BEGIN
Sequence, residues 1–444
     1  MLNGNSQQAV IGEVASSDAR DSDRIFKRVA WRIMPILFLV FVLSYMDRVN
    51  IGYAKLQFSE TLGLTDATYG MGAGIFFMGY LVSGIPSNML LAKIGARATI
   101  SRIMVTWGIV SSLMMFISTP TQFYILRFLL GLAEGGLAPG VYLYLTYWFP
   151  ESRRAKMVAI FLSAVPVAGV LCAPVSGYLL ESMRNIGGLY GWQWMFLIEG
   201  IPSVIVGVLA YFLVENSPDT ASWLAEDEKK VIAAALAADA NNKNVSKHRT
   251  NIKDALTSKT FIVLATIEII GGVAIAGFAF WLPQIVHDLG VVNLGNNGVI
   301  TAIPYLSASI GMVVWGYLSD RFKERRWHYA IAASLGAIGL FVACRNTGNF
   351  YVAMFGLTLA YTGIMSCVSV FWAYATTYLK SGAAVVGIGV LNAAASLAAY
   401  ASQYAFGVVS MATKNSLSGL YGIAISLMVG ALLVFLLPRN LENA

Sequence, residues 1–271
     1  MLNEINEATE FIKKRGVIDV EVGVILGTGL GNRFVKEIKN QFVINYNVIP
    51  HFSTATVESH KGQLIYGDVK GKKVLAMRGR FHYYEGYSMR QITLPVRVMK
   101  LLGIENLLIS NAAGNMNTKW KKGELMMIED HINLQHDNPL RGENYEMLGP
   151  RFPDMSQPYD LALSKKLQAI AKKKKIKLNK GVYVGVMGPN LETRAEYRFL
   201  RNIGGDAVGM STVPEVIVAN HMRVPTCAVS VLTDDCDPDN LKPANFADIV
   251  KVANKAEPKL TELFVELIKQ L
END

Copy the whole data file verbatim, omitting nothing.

Sequence, residues 1–444
     1  MLNGNSQQAV IGEVASSDAR DSDRIFKRVA WRIMPILFLV FVLSYMDRVN
    51  IGYAKLQFSE TLGLTDATYG MGAGIFFMGY LVSGIPSNML LAKIGARATI
   101  SRIMVTWGIV SSLMMFISTP TQFYILRFLL GLAEGGLAPG VYLYLTYWFP
   151  ESRRAKMVAI FLSAVPVAGV LCAPVSGYLL ESMRNIGGLY GWQWMFLIEG
   201  IPSVIVGVLA YFLVENSPDT ASWLAEDEKK VIAAALAADA NNKNVSKHRT
   251  NIKDALTSKT FIVLATIEII GGVAIAGFAF WLPQIVHDLG VVNLGNNGVI
   301  TAIPYLSASI GMVVWGYLSD RFKERRWHYA IAASLGAIGL FVACRNTGNF
   351  YVAMFGLTLA YTGIMSCVSV FWAYATTYLK SGAAVVGIGV LNAAASLAAY
   401  ASQYAFGVVS MATKNSLSGL YGIAISLMVG ALLVFLLPRN LENA

Sequence, residues 1–271
     1  MLNEINEATE FIKKRGVIDV EVGVILGTGL GNRFVKEIKN QFVINYNVIP
    51  HFSTATVESH KGQLIYGDVK GKKVLAMRGR FHYYEGYSMR QITLPVRVMK
   101  LLGIENLLIS NAAGNMNTKW KKGELMMIED HINLQHDNPL RGENYEMLGP
   151  RFPDMSQPYD LALSKKLQAI AKKKKIKLNK GVYVGVMGPN LETRAEYRFL
   201  RNIGGDAVGM STVPEVIVAN HMRVPTCAVS VLTDDCDPDN LKPANFADIV
   251  KVANKAEPKL TELFVELIKQ L